SUPPORT WORK … EVERYTHING TO GAIN

My name is Wendy and I am a married mum of two awesome teenagers, Jordan 16 and Hannah 14. My husband Danny has been an incredibly hardworking man, working two jobs since Jordan was a toddler in order for me to be a stay at home mum and be there for our kids through all their endeavours, and boy there have been a lot!

This year Hannah started year 8 at secondary school and seeing her so connected and settled and with Jordan moving from strength to strength at school and working at McDonalds, I found myself looking for that something extra to fill my time. I heard a comment once that ‘everyone needs someone to love, something to do and something to look forward to’ and seeing I had my loving family and plenty to do, it was time to look forward to something new.

I happened to be scrolling through my Facebook news feed when a post from Interchange Outer East appeared with ‘JOIN OUR TEAM’ heading up a call for the next round of casual support workers. It grabbed my eye as I have always been in awe of the families and the people who live with disabilities and thought perhaps it was my time to give. I took the step and commented on the post and from there it has been a whirlwind.

I attended an information session where I felt at home immediately. The support that was offered to potential support workers was very evident from the beginning. I had no hesitation submitting my application at the end of that session and the rest is history. I was interviewed and once offered a position I set the wheels in motion to obtain the necessary requirements as soon as possible. I wanted to get started as soon as I could. My employment was activated on 23 June and I have not looked back. It has been a steep learning curve to say the least, but the support of all the staff has made that a much easier task to tackle. They have been patient and answered my hundreds of questions, emails and phone calls without hesitation.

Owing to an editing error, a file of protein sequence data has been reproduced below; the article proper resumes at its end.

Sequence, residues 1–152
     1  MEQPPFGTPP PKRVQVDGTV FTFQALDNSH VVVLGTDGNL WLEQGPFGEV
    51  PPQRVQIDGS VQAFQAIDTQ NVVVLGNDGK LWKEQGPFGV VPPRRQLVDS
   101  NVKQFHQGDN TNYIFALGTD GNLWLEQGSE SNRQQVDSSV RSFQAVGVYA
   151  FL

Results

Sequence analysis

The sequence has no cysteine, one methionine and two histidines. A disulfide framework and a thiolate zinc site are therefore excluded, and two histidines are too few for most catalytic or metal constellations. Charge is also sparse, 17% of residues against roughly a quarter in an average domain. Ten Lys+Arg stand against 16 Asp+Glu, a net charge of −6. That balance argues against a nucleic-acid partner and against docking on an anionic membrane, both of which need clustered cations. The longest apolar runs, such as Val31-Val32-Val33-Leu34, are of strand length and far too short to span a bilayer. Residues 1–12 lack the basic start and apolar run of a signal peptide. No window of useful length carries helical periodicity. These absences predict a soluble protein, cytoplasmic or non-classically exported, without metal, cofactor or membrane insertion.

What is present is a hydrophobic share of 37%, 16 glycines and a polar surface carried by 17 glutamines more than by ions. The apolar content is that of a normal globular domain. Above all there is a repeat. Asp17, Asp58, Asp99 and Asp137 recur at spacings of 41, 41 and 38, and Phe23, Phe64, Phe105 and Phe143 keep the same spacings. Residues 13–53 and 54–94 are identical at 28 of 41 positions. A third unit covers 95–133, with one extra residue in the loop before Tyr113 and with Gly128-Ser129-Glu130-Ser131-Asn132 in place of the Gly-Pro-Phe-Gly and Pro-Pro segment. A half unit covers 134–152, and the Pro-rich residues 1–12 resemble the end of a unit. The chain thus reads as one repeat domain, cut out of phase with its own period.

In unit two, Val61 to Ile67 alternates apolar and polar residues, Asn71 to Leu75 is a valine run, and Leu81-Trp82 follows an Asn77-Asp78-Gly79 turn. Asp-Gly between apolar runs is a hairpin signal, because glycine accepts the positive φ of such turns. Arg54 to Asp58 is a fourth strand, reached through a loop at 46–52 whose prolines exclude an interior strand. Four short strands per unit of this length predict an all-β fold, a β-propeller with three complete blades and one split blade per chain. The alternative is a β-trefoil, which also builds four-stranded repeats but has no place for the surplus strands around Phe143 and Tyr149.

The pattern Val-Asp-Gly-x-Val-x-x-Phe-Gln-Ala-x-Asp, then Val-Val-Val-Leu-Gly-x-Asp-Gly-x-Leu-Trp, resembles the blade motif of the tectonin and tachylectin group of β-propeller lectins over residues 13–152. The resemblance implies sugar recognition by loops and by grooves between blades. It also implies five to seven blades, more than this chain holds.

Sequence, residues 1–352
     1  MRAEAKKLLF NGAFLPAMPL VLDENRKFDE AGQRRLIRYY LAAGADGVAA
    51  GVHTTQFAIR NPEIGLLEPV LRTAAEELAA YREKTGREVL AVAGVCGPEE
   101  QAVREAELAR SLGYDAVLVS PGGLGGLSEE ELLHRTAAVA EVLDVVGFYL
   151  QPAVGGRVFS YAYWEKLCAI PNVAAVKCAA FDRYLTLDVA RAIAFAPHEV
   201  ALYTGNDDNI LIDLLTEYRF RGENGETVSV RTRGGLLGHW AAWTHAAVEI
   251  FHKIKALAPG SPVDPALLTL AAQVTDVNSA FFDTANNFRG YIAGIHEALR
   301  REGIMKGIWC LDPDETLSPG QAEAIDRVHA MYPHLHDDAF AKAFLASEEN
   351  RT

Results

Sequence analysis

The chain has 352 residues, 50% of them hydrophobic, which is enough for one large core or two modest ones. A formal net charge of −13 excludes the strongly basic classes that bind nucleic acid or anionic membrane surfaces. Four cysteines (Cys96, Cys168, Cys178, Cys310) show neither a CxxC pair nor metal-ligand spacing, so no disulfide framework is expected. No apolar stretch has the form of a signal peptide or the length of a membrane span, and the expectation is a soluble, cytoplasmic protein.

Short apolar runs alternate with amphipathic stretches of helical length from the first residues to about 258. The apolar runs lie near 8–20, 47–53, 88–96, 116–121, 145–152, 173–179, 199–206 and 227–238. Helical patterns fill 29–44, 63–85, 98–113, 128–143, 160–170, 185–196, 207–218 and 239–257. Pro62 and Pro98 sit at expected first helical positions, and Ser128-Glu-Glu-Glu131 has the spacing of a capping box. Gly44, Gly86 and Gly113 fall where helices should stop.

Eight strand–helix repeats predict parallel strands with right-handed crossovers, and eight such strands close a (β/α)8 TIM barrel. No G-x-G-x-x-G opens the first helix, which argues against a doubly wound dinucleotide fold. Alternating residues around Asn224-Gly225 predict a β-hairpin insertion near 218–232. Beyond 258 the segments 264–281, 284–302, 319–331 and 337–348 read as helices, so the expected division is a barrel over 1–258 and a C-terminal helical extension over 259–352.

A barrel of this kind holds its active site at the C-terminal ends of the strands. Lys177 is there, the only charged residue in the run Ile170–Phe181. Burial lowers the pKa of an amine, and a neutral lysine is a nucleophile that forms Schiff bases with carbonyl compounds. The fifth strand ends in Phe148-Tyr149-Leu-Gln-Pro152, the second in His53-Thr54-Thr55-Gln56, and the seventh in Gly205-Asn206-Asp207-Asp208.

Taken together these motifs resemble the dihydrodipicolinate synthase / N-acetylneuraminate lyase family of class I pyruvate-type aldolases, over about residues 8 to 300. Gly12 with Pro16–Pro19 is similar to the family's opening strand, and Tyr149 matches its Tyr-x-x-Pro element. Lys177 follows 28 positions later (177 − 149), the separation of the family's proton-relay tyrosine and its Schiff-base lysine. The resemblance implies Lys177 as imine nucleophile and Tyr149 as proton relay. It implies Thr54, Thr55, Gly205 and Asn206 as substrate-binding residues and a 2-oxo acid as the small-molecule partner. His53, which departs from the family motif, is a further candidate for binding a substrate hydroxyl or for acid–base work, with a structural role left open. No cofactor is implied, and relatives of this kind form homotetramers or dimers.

I have been as active as possible in getting shifts booked and have had such a variety of people to ‘work’ with (I find it hard to call what we do work when it’s actually so fulfilling and enjoyable). I have already had a number of ongoing shifts booked in to my week and have picked up one-off shifts wherever possible. I have had the pleasure of meeting so many awesome individuals, each of whom have taught me so much already in my short time with them. I certainly take home so much more than I thought would be possible.

I have had so many firsts from going to the gym with a super spunky natured young lady using public buses, to running through the playground being superheros with a young man who made my day when we danced to the Village People’s YMCA in the middle of Wally Tew Reserve. I have chatted for hours with a lovely lady over hot chocolate and been asked how my nacho making skills stack up. Every shift has something different and new. I have even now cooked vegetable byriani with flat bread from scratch for a lovely family when mum had hurt her arm, and braided her daughters hair which is some of the longest hair I have ever seen! To say I go home feeling fulfilled is an understatement.